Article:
The late, great Peggy Lee used to sing a song that became a standard called “Is That All There Is?” Ms. Lee suggested in the song that if this is all there is, then “let’s just keep dancing and break out the booze and have a ball.” I am thinking there might be a better plan out there for those of us who have and will have come face to face with that daunting question. The seeds of confusion about what was truly important were planted early for me.
Let me begin by saying that I love what I do here at the Halftime Institute. I know that every day my work is making a difference in the lives of those we serve. People come to us at a critical time in their lives and we help them figure out what’s next for them in a way that allows them to use all of their gifts and talents to finish well. It doesn’t get better than that. As with all times of change that we go through,
I am always amazed at what happens when trouble shows up in a community, how people pull together and you see how many good folks there are out there that will never be on the evening news for their charitable works, but are as important as a President in the moment. When hurricane Harvey struck south Texas and began its slow crawl across the land, people began almost immediately doing remarkable things to help each other. And, as usual there were throngs of businesspeople who stepped into the gap
At the Halftime Institute we care more about how you’re doing 30 years from now, than 30 months from now. A few years back we created a 2-day experience for business leaders around the topic of "finishing your life well." We did it for several years in partnership with Jim Collins, the author of books like Good to Great -- about great leaders and great companies. After more than 25 years studying how great leaders help companies become great, Jim is also interested in why many of those great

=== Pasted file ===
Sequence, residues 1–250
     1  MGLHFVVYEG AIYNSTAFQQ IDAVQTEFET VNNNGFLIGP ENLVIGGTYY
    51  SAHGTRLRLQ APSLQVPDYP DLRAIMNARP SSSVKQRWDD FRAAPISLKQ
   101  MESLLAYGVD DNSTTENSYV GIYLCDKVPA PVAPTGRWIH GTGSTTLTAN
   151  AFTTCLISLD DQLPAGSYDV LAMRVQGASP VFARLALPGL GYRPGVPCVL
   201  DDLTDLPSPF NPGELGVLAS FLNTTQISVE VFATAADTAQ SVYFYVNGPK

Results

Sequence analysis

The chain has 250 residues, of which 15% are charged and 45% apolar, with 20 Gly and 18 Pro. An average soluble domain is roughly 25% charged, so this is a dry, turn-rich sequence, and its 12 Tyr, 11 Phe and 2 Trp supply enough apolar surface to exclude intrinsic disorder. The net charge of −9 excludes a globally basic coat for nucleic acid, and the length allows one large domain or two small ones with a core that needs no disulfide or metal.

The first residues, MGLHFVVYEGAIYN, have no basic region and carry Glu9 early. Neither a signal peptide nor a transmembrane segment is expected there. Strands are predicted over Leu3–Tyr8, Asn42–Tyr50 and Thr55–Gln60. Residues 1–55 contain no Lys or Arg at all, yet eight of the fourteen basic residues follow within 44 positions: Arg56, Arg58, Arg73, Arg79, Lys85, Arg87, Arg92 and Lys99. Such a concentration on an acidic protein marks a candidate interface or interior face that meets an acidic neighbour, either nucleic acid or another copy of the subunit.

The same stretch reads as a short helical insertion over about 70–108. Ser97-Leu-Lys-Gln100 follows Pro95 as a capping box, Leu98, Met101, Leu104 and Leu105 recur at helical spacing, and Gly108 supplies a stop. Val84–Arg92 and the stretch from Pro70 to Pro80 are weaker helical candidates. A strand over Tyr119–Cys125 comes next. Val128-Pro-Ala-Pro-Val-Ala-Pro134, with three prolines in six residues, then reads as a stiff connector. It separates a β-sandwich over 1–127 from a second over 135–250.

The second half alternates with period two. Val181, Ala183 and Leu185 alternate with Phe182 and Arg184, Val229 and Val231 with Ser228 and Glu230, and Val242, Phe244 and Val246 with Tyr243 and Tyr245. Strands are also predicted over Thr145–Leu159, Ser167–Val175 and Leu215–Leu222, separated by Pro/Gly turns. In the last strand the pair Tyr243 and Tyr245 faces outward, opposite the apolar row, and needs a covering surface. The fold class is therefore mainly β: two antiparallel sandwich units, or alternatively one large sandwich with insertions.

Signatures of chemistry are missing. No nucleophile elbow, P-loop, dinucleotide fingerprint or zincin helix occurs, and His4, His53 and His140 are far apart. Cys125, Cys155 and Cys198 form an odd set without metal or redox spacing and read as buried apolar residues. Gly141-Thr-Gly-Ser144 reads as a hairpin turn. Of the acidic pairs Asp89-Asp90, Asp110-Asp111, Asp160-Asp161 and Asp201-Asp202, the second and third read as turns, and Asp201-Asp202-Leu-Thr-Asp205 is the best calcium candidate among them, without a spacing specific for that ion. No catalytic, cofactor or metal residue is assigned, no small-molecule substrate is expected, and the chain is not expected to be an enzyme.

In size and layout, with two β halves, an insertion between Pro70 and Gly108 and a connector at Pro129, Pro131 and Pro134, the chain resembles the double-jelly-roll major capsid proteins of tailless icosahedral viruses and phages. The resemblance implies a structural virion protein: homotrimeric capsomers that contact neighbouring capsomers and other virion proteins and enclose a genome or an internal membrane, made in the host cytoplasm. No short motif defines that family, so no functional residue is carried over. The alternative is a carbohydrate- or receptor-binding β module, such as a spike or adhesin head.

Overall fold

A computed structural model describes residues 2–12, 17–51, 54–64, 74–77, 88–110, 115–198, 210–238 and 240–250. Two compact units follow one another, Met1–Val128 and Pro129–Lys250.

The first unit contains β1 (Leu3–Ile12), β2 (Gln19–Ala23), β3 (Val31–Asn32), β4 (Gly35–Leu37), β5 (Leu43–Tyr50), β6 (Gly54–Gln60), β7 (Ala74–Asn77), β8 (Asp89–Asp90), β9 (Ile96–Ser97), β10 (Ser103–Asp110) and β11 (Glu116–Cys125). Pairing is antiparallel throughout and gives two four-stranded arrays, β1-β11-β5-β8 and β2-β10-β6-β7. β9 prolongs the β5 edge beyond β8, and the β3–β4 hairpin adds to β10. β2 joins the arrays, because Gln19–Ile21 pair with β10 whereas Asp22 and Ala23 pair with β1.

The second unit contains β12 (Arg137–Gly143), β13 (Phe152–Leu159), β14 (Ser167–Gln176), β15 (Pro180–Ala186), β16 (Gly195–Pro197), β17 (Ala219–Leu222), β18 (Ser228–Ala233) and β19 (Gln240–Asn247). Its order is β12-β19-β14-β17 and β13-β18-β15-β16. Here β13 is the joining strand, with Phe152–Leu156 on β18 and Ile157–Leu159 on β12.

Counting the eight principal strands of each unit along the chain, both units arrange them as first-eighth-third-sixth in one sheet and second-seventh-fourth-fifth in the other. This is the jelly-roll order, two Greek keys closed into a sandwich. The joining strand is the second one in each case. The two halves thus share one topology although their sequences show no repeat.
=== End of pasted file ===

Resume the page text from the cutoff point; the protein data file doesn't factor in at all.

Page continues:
Success in the halftime journey doesn’t just happen. It takes planning and persistence, and it has several elements that are critical to your success. Let’s zero in on three of them for the time being: A personal board of directors, a strong mission statement, and coaching. Personal Board of Directors The first time I heard Bob Buford mention a personal board of directors, I thought to myself, “I’ve got that.” He was talking about a panel of trusted family, friends, and colleagues—people to speak truth into our lives.
We’ve been given a great gift: More time on this planet than our forefathers. Lots more time. On average we’ll live thirty years longer. The big question is: What will we do with this tremendous gift of time we’ve been given? At the turn of the 20th Century, the average life span for men and women was around 50 years. For many of those men and women, that half century was grueling: hard physical labor was the common experience and there was very little concept of “retirement.” Life was
How Your Schedule Could Be Sabotaging Your Parenting It’s about to be Father’s Day again, but in a way, every day in a family is Father’s Day. Fathers play a critical role in how the next generation turns out, and these days there are a lot of dads who are just not doing their duty. They are good people and they have the greatest of intentions, but the follow through is lacking somehow. I understand. I know the struggles firsthand. In some ways, the more successful you are, the
“How I know for sure that I’m in the season Halftime?” I’m going to let you in on a little secret: there are 5 Indicators to help you discern if you’re in halftime. Every day I speak with men and women trying to discern if they are in the season of Halftime, and I listen for these indicators to know if we’re a good fit for them. When I was in the season, I was so confused and frustrated that I actually came running to the Halftime Institute
“True change comes with others over time.” Bob Buford stood back and looked at the statement he had just written on the whiteboard, as if validating it one last time, and then put the cap back on his dry erase marker and sat down. This was no 15-minute explanation or inspirational story to illustrate . . . rather, it was simply tried and true wisdom from years of experience that he knew was vital to the discussion taking place in our Halftime cohort meeting. This was classic Bob for sure,